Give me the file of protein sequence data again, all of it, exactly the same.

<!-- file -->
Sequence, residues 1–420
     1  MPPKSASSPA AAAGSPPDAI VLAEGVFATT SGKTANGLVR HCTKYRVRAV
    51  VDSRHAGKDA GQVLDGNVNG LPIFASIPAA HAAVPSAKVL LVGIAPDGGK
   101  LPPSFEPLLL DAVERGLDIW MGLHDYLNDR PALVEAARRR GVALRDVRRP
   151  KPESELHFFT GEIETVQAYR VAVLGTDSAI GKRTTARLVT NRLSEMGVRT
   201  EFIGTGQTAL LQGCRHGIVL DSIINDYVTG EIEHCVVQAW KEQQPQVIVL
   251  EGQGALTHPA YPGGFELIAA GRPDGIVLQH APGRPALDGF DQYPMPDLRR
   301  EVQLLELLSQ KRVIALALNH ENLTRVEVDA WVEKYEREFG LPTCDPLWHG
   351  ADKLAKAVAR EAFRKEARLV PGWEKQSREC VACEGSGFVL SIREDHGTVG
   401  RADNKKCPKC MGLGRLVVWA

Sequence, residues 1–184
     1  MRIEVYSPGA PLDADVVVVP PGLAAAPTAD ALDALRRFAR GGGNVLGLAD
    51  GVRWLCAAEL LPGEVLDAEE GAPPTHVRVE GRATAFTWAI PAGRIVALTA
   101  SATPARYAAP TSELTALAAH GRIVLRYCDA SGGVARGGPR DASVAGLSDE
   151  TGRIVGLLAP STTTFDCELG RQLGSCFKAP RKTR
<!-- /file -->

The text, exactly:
Sequence, residues 1–420
     1  MPPKSASSPA AAAGSPPDAI VLAEGVFATT SGKTANGLVR HCTKYRVRAV
    51  VDSRHAGKDA GQVLDGNVNG LPIFASIPAA HAAVPSAKVL LVGIAPDGGK
   101  LPPSFEPLLL DAVERGLDIW MGLHDYLNDR PALVEAARRR GVALRDVRRP
   151  KPESELHFFT GEIETVQAYR VAVLGTDSAI GKRTTARLVT NRLSEMGVRT
   201  EFIGTGQTAL LQGCRHGIVL DSIINDYVTG EIEHCVVQAW KEQQPQVIVL
   251  EGQGALTHPA YPGGFELIAA GRPDGIVLQH APGRPALDGF DQYPMPDLRR
   301  EVQLLELLSQ KRVIALALNH ENLTRVEVDA WVEKYEREFG LPTCDPLWHG
   351  ADKLAKAVAR EAFRKEARLV PGWEKQSREC VACEGSGFVL SIREDHGTVG
   401  RADNKKCPKC MGLGRLVVWA

Sequence, residues 1–184
     1  MRIEVYSPGA PLDADVVVVP PGLAAAPTAD ALDALRRFAR GGGNVLGLAD
    51  GVRWLCAAEL LPGEVLDAEE GAPPTHVRVE GRATAFTWAI PAGRIVALTA
   101  SATPARYAAP TSELTALAAH GRIVLRYCDA SGGVARGGPR DASVAGLSDE
   151  TGRIVGLLAP STTTFDCELG RQLGSCFKAP RKTR